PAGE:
Haemanthus deformis – 5 bulbs per pack

R110.00

Out of stock

Description

Family : Amaryllidaceae (Amaryllis family)

A dense cluster of white flowers borne atop a short hairy stem and large, fleshy grey leaves make Haemanthus deformis one of South Africa ‘s most extraordinary bulbous plants. Although poorly known in cultivation, its preference for shade and ease of culture make it an invaluable subject for the gardener and specialist bulb-grower alike.

A dense cluster of white flowers borne atop a short hairy stem and large, fleshy grey leaves make Haemanthus deformis one of South Africa ‘s most extraordinary bulbous plants. Although poorly known in cultivation, its preference for shade and ease of culture make it an invaluable subject for the gardener and specialist bulb-grower alike.

Description
Haemanthus deformis is an evergreen bulbous plant with thick fleshy roots and two or four broad, grey or greenish grey leaves that are spreading or lie flat on the ground. The leaves are fleshy and have hairy margins. The mature plant reaches up to 120 mm high in flower and produces a single thick, bent, short, hairy flower stem in the centre, between the leaf bases.

The flower head consists of a dense cluster of erect, white individual flowers with white filaments and bright yellow anthers, and prominent long, white, protruding styles. The flowers are enclosed by broad, strong white bracts that are distinctly recurved in the upper part. The fruit is a fleshy, dark orange berry containing a few hard, oblong seeds.

Haemanthus deformis presents no great difficulty in cultivation. In temperate climates it is most suitably grown in semi-shaded to fully shaded positions such as on a patio in pots with a diameter of at least 25 cm, in raised beds or rock gardens. In countries with cold winter climates, they are best grown in containers in a cool or slightly heated greenhouse. Plant the bulbs with the neck at, or just below soil level in a well-drained, slightly acid medium comprising equal parts of well decomposed compost or finely milled bark, and river or silica sand. The plants must have at least partial shade and thrive in even heavy shade. Water the plants heavily once per week during the summer growing period, but reduce watering in winter to once every two weeks.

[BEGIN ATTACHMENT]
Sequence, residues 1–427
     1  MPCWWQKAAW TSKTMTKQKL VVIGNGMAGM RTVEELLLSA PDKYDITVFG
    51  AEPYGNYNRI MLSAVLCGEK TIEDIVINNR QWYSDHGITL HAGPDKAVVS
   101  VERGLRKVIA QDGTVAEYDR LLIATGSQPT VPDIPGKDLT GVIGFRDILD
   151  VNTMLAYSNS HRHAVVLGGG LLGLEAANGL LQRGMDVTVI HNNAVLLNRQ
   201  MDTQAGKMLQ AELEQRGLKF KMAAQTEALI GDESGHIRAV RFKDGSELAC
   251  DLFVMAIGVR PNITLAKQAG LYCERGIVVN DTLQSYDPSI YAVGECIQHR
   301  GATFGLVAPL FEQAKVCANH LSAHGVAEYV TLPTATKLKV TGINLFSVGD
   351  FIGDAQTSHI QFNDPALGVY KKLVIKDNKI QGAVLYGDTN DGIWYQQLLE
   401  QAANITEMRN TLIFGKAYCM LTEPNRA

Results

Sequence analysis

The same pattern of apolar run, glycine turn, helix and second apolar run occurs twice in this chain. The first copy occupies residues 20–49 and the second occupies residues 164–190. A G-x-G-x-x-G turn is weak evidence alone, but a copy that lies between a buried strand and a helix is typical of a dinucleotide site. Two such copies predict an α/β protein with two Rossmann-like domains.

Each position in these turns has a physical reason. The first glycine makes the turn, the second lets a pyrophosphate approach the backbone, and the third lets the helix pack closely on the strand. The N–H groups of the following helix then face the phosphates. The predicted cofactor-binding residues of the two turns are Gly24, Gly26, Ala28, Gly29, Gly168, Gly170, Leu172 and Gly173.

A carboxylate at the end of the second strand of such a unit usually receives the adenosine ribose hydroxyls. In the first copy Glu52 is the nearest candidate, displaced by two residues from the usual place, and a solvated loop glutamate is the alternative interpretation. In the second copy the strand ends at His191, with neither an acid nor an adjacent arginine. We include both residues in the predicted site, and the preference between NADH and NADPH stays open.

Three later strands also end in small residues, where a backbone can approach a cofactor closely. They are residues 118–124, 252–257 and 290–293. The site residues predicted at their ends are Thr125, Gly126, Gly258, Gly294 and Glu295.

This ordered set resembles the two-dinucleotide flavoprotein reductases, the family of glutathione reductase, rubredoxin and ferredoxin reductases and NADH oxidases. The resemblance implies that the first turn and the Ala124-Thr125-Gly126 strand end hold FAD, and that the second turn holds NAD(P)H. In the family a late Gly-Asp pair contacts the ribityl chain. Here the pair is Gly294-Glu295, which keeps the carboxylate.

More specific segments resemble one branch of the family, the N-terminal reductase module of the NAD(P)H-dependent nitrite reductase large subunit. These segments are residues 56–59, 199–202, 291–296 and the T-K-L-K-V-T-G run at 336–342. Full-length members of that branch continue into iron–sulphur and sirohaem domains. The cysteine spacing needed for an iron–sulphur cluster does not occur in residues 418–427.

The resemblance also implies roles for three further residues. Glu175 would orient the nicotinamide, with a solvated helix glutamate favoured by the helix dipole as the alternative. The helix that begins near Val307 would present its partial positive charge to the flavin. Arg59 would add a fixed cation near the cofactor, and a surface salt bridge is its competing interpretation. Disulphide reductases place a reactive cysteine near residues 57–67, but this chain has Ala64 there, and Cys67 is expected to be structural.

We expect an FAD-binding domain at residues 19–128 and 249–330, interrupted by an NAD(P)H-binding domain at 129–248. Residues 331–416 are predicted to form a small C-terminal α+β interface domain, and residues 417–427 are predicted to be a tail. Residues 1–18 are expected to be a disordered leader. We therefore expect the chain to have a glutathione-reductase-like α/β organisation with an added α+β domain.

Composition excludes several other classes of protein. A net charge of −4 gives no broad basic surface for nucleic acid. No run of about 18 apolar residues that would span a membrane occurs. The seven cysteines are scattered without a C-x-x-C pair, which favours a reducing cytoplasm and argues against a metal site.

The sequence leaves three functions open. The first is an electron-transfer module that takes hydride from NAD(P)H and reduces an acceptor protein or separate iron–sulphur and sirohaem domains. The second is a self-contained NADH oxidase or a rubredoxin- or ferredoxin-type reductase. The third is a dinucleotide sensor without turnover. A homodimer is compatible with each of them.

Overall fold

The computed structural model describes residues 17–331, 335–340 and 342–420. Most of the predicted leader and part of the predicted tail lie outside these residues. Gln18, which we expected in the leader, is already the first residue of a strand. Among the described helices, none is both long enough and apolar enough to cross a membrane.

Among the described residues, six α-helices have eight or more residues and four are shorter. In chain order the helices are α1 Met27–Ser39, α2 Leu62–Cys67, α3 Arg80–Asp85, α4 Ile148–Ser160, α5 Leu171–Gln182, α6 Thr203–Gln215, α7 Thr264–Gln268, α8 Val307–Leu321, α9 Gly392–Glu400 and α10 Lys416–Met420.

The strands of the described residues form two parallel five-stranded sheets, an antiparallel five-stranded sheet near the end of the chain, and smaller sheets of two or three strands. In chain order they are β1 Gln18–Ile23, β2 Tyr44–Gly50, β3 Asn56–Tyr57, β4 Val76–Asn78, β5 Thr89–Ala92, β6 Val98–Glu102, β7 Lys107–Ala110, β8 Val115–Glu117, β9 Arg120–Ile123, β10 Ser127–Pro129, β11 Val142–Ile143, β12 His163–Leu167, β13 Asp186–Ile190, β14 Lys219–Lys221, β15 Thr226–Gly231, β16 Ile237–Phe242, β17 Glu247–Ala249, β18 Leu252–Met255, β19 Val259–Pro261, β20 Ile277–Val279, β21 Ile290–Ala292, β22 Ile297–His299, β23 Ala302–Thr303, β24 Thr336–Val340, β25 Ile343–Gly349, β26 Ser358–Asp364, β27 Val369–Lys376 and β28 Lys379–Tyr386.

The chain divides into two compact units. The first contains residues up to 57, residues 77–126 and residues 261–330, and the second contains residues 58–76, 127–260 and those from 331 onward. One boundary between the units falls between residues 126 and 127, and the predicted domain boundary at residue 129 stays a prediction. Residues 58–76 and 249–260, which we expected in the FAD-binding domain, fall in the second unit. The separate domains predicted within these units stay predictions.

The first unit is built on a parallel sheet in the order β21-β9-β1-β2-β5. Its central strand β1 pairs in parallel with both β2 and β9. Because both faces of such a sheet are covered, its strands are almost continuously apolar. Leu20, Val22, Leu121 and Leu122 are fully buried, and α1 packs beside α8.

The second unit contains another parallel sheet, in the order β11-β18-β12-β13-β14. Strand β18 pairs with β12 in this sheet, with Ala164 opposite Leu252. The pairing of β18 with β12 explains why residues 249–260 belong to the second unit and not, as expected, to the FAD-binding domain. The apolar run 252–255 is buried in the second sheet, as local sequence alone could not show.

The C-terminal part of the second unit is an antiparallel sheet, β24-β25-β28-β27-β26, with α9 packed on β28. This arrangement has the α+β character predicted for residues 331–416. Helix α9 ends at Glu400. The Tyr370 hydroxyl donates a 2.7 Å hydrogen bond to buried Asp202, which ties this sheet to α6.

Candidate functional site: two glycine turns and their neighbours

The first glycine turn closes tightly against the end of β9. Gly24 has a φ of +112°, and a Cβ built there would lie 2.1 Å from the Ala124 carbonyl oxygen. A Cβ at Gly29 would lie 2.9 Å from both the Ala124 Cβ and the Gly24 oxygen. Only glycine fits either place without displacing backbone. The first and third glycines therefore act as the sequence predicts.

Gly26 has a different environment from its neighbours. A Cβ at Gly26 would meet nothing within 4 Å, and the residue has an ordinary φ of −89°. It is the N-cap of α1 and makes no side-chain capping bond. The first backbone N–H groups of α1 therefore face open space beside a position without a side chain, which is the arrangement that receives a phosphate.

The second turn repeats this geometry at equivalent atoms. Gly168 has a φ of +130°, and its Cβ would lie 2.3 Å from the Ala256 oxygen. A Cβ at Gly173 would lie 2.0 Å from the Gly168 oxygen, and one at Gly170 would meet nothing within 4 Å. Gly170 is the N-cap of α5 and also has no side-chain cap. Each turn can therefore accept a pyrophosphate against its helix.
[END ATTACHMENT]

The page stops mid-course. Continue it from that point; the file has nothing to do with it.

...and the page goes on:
Propagate the plants by offsets or from seed. Offsets are rather slow to form, and are best separated from the mother bulb straight after flowering, just as the new leaves begin to develop. Sow the seeds as soon as they are easily removed from the dark orange, ripe berries. Place the berries in a bowl of water and remove the sticky outer pulp, thus exposing the seeds. Clean the seeds in the water and allow to dry for about an hour. Sow the seeds in seed trays in the same medium recommended for adult bulbs, and cover with a sowing medium to a depth of up to 5 mm. Seeds may take up to two months before the first leaf appears above ground, and a further four to five years to flower for the first time.

The bulbs and leaf bases of Haemanthus deformis are susceptible to attack by mealy bugs, and the leaf margins are chewed by snout beetles at night.

When grown in the garden, Haemanthus deformis makes an excellent companion subject to other shade-loving plants such as Clivia caulescens, Dracaena aletriformis and Drimiopsis maculata.

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